At this juncture, Lethem adds something unexpected to the mix. Magic realism and Aeroman. Aeroman is a local superhero. He is a drunk named Doily, who wears a cape and a ring and fights crime, jumping from low rises to surprise muggers. He enters Dylan's consciousness from out of nowhere, and we, as readers, are just as stunned to make his acquaintance. Whether or not Aeroman is for real is never settled for us by Lethem. And if the ring has special or imaginary powers, none of its magic rubs off on Lethem's prose. The writing wavers. The proper terminology, I think is maybe realism'.
In time, Dylan and Mingus inherit Aeroman's ring and the cape. They stop doing graffiti and become superheroes in their own right, using the Aeroman paraphernalia as back up for their flights of courage. This is where the book ultimately falls apart. The problem, for the reader, is one of assimilation. Grafting the ring's magic powers onto Lethem's ultra specific Brooklyn, proves as difficult as Dylan's attempt to be assimilated into Boerum Hill in the first place.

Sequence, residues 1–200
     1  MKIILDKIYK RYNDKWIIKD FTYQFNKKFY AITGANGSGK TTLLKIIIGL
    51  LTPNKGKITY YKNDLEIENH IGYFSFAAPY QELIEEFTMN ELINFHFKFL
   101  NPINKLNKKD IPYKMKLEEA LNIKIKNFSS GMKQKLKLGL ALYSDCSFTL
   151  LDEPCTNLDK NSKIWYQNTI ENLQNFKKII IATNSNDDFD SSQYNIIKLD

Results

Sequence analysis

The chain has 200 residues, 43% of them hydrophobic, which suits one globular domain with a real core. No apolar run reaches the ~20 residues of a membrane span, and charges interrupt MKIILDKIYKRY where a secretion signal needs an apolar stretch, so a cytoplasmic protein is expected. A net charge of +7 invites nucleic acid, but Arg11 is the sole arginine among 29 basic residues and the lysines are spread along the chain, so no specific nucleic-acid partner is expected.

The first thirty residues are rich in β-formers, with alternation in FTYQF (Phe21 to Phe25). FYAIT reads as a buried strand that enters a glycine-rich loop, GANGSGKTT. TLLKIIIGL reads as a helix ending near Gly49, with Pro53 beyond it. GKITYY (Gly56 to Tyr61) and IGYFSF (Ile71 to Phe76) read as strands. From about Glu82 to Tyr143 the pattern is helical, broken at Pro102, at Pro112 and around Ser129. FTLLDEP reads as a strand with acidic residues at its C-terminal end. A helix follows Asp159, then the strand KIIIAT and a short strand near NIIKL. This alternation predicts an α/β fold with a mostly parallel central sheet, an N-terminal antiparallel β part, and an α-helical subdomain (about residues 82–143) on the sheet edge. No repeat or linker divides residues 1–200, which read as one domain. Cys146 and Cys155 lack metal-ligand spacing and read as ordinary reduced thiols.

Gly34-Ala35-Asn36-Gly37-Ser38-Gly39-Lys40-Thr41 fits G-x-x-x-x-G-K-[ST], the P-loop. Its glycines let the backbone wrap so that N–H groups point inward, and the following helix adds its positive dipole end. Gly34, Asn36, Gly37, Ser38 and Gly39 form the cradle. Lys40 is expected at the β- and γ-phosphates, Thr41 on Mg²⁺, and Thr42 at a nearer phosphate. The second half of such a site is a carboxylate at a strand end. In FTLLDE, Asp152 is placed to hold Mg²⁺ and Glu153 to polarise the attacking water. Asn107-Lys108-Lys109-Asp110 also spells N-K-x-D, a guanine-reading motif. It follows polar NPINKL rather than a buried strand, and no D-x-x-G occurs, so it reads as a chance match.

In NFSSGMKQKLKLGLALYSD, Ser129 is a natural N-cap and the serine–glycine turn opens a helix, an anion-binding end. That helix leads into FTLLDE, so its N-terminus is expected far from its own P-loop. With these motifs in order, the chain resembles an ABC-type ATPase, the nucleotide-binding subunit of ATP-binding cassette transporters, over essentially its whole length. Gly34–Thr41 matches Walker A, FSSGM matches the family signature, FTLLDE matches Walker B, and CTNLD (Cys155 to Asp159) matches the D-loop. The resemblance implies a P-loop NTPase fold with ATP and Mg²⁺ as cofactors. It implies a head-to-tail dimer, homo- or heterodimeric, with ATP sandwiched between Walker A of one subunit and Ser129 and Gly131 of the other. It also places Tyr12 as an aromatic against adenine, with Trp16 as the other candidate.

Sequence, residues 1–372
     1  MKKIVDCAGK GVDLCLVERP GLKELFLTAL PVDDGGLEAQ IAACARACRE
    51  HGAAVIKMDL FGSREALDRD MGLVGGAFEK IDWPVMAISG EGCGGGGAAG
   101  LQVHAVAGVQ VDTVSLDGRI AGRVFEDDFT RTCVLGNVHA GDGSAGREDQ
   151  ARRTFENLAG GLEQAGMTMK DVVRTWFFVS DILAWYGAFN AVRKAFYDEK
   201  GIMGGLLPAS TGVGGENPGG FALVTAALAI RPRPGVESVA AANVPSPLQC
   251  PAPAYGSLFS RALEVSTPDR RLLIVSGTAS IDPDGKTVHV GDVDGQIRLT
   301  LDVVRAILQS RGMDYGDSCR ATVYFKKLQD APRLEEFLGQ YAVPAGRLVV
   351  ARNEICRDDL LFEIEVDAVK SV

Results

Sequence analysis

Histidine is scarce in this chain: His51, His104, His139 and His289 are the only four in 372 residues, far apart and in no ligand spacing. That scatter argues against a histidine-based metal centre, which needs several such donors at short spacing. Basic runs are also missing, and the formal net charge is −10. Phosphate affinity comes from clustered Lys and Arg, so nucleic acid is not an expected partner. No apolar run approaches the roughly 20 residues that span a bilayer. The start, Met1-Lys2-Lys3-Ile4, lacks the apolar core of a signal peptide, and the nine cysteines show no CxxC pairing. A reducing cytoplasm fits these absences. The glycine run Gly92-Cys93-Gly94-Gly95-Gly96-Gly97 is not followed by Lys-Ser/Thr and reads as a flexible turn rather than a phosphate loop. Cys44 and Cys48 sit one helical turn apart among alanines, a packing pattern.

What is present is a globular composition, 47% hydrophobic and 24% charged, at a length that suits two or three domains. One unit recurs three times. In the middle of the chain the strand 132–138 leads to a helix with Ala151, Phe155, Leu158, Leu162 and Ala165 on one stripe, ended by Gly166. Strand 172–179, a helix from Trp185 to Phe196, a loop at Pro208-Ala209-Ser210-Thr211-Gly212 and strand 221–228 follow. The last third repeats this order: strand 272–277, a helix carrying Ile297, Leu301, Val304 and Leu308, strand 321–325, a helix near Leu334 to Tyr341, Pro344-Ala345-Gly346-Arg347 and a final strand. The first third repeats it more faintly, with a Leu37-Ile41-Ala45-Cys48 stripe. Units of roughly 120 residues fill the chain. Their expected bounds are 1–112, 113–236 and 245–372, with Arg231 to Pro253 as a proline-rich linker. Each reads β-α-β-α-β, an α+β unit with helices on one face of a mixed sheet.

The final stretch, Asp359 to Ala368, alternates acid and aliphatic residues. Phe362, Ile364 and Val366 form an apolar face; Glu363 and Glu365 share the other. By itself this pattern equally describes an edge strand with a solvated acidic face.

Decades pass. As time goes on, punk replaces funk, and Dylan gives up his homemade Aeroman costume for a black motorcycle jacket, one of the "Brando-Elvis-Ramones variety."
By the end of "Underberg", Dylan has moved from a subliminal awareness of his surroundings to a more standard mode, a franchised adolescence. We leave behind the innocence and the metaphysical genius in every child, for the mainstream. Lethem has shifted gears, from the realm of the No-Logo to the marketplace of soundbites. Unfortunately for the reader, a "reference-peppered palaver which comprises Dylan's only easy mode of talk" does not do for adolescence what Lethem's semi-autistic Americana has done brilliantly for his childhood.
"Liner Notes", the slim middle section of the novel, recounts the life and career of Mingus's father, Barrett Rude Junior, lead vocalist of the Subtle Distinctions. It also segues the reader into the life of the grown-up Dylan, a rock critic, "enthralled by negritude," who writes for a company called Remnant Records.